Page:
In his introduction to the French translation of “The American Worker,” Philippe Guillaume called it “proletarian documentary literature.” For more on this, see Stephen Hastings-King, “On Claude Lefort’s ‘Proletarian Experience,’” in this issue. ↩
“A Worker’s Inquiry” was first published in the United States by The New International in December 1938. ↩
She wrote: “See, ‘A Workers’ Inquiry’ by Karl Marx in which one hundred and one questions are asked of the workers’ themselves, dealing with everything from lavatories, soap, wine, strikes and unions to ‘the general physical, intellectual, and moral conditions of life of the working men and women in your trade.’” Romano and Stone, The American Worker, 59. ↩
Romano and Stone, The American Worker, 1. ↩
Romano and Stone, The American Worker, 12. ↩
Selma James, “A Woman’s Place” in The Power of Women and the Subversion of the Community (London: Falling Wall Press, 1972), 58, 64. ↩
It is only Martin Glaberman’s 1972 preface to the pamphlet which finally reveals that Phil Singer worked at General Motors factory in New Jersey. ↩
Quoted in Rachel Peterson, “Correspondence: Journalism, Anticommunism, and Marxism in 1950s Detroit,” in Anticommunism and the African American Freedom Movement: “Another side of the Story,” ed. Robbie Lieberman and Clarence Lang (New York: Palgrave Macmillan, 2009), 146. As if to dramatically confirm this, Boggs’s own pseudonym, Ria Stone, is often misidentified as Raya Dunayevskaya. ↩
Peterson, “Correspondence,” 146. ↩
Selma James, Sex, Race, and Class – The Perspective of Winning: A Selection of Writings, 1952-2011 (Oakland: PM Press, 2012), 13-14; Frank Rosengarten, Urbane Revolutionary: CLR. James and the Struggle for a New Society (Mississippi: University of Mississippi Press, 2008), 89. ↩
Charles Denby [Si Owens], Indignant Heart: A Black Workers’ Journal (Detroit: Wayne State University Press, 1978), xi. This edition was attributed to Charles Denby, Owens’s more common pseudonym, and the one he used for most of his article in Correspondence. It is also significant that Owens still wrote under a pseudonym in 1978, even though McCarthyism had clearly passed. ↩
Denby, Indignant Heart, xi. ↩
Peterson, “Correspondence,” 123. ↩
Constance Webb, Not Without Love: Memoirs (Lebanon, NH: University Press of New England, 2003), 266. ↩
Romano and Stone, The American Worker. ↩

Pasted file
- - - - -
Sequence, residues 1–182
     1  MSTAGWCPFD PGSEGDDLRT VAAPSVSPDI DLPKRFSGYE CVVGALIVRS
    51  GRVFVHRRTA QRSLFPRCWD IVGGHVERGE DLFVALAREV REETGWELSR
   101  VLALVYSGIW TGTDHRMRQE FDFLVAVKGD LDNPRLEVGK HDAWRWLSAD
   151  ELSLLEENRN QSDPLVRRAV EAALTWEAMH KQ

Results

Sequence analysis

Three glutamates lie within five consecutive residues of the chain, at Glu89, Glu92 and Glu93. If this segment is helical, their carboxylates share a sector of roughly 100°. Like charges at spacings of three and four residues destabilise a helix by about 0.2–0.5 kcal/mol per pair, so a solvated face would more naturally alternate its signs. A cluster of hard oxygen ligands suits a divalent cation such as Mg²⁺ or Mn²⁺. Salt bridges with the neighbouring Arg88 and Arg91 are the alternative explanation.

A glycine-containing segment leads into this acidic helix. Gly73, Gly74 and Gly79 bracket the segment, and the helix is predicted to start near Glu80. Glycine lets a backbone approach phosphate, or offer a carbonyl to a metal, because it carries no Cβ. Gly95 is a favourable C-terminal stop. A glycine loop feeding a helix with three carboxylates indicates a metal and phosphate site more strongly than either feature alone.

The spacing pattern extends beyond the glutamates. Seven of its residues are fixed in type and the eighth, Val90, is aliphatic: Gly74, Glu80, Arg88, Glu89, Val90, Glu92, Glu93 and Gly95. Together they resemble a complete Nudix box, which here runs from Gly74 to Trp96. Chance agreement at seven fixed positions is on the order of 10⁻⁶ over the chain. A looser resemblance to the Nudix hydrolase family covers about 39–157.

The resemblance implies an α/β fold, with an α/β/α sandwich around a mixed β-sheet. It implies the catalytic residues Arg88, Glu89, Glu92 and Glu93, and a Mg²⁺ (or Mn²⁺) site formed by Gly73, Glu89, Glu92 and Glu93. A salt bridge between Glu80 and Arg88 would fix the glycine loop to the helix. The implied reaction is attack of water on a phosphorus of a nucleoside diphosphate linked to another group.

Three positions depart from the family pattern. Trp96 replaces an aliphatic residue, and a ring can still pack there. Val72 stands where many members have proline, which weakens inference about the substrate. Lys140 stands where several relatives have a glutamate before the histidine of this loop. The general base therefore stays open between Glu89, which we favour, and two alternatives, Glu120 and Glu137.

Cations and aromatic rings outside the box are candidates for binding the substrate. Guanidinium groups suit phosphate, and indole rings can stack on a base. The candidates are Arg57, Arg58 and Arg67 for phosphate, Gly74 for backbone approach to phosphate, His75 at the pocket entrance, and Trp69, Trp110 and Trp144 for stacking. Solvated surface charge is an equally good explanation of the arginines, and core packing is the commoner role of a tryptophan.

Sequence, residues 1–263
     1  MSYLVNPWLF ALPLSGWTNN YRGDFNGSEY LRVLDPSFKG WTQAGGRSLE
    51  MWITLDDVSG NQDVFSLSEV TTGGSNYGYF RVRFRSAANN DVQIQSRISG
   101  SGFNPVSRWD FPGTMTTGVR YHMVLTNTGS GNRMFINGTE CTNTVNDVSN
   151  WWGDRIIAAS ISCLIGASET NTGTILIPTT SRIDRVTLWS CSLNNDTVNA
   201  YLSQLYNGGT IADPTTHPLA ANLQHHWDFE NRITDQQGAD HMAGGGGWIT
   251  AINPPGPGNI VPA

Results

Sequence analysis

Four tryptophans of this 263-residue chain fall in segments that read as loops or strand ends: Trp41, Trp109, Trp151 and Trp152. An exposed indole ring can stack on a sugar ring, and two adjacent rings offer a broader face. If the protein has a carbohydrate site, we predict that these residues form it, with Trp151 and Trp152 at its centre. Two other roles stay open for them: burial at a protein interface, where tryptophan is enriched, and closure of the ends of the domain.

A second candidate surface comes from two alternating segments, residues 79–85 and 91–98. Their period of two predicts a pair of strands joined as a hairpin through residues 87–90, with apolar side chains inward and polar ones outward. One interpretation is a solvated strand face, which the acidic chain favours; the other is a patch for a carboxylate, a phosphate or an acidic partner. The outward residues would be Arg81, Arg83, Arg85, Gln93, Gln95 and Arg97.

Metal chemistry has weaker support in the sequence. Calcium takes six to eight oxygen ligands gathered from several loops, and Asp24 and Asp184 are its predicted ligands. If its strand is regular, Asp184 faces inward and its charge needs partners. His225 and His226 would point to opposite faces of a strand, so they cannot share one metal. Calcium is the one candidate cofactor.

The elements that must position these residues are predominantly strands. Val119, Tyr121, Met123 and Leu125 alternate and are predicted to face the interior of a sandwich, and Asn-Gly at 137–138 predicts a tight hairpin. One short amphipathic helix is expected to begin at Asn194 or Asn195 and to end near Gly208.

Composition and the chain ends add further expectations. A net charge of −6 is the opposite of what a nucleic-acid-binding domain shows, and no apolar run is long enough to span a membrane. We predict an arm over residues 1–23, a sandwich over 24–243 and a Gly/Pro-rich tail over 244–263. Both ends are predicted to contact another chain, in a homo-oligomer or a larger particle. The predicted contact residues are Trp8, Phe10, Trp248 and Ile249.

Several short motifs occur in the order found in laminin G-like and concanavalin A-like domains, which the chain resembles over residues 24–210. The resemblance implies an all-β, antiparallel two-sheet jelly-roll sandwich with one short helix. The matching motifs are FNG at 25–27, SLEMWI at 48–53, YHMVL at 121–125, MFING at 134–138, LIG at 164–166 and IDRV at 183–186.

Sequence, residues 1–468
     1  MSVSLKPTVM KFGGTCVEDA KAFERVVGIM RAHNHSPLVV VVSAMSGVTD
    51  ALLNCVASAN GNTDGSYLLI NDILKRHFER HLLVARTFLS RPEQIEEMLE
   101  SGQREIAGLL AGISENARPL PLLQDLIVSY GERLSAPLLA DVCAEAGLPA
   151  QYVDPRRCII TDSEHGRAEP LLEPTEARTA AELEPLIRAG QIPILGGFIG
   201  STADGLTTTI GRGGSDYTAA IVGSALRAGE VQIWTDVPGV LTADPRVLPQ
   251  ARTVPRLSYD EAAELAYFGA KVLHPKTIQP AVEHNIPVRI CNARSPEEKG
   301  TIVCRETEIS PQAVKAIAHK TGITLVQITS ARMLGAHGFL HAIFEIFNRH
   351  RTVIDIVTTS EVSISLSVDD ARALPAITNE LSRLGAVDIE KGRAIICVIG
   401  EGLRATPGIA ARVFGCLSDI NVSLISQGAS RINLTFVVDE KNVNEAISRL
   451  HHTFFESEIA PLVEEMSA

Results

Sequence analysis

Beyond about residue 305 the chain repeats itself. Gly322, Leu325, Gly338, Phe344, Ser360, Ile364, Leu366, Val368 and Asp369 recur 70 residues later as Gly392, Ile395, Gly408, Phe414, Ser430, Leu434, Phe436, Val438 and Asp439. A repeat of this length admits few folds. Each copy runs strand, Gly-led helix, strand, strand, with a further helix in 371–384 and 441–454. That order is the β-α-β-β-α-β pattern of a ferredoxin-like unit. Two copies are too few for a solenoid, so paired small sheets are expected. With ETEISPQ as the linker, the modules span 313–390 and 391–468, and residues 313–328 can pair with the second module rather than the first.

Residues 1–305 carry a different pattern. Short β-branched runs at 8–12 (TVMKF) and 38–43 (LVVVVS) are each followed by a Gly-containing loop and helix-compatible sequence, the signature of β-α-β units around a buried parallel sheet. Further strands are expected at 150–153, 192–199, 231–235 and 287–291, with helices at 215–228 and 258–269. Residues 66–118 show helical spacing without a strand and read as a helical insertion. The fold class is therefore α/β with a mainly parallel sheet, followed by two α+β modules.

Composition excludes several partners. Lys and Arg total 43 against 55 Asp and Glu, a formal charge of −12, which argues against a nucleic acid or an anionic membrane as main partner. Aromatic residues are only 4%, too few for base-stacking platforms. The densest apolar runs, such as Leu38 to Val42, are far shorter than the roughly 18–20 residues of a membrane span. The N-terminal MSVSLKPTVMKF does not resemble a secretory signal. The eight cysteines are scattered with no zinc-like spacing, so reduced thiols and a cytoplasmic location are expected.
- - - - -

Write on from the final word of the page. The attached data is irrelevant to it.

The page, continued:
James, “A Woman’s Place,” 79. ↩
For an excellent introduction to the group in English, see Marcel van der Linden, “Socialisme ou Barbarie: A French Revolutionary Group (1949-1965),” Left History vol. 5, no. 1, 1997. Republished at http://www.left-dis.nl/uk/lindsob.htm.” For a general history, see Philippe Gottraux, “Socialisme ou Barbarie”: Un engagement politique et intellectuel dans la France de l’après-guerre (Paris: Editions Payot Lausanne, 1997). ↩
“From Workers’ Autonomy to Social Autonomy: An interview with Daniel Blanchard by Amador Fernández-Savater,” available online at libcom.org ↩
Philippe Guillaume, “L’Ouvrier Americain par Paul Romano,” Socialisme ou Barbarie no. 1 (Mars/Avril 1949), 78; translated in this issue of Viewpoint. ↩
For more on this fascinating figure, see Stephen Hastings-King’s forthcoming book on Socialisme ou Barbarie. ↩
“Un journal ouvrier aux Etats-unis,” Socialisme ou Barbarie, no. 13 (jan-mars 1954): 82. ↩
Cornelius Castoriadis, “CLR James and the Fate of Marxism,” in CLR James: His Intellectual Legacies, ed. Selwyn Cudjoe and William Cain (Amherst: University of Massachusetts Press, 1995), 287. ↩
“Workers and Intellectuals,” Correspondence, vol. 2, no. 3 (February 5, 1955): 4. ↩
Grace Lee Boggs, Living For Change: An Autobiography (Minneapolis: University of Minnesota Press, 1998), 67. ↩
An anonymous ex-member of Correspondence quoted in Ivar Oxaal, Black Intellectuals Come to Power (Cambridge: Schenkman Books, 1968), 78. ↩
For a detailed discussion of Lefort’s take on this problem, see Stephen Hastings-King, in this issue. ↩
Claude Lefort, “Proletarian Experience,” translated in this issue. ↩
Lefort, “Proletarian Experience.” ↩
Lefort, “Proletarian Experience.” ↩
For a fascinating account of this paper by a militant closely involved in its development, see Henri Simon’s contribution to this issue. ↩
“Que voulons-nous?” in Tribune Ouvrière no. 1 (mai 1954), reprinted in Socialisme ou Barbarie nos. 15/16: 74. ↩
Mothé was one of the few workers in the group, which led many to put him on a kind of pedestal. As Lefort has recalled “Mothé’s proposals, often very rich but sometimes also confused, carried weight for many because he was supposed to ‘represent’ Renault. Mothé was conscious of the role he was led to play and while he took advantage of it, he was also exasperated by it. The climate would have been very different if we had had more workers among us.” “An interview with Claude Lefort,” Telos 30 (Winter 1976-77): 178. This lack of workers in the group might have been a reason for the shortage of worker narratives that constantly plagued Socialisme ou Barbarie. This also marks a significant difference between Correspondence and Socialisme ou Barbarie. The first was overwhelmingly working-class. In 1954 it boasted a membership of 75 workers and only 5 self-described intellectuals; see The Correspondence Booklet (Detroit: Correspondence, 1954), 1. In contrast, Socialisme ou Barbarie’s membership largely consisted of intellectuals or students. ↩
Daniel Mothé, “Le problème d’un journal ouvrier,” Socialisme ou Barbarie no. 17 (juillet-septembre 1955), 30; translated in this issue of Viewpoint. ↩
Mothé often uses the term “revolutionary ideology” instead of revolutionary theory. ↩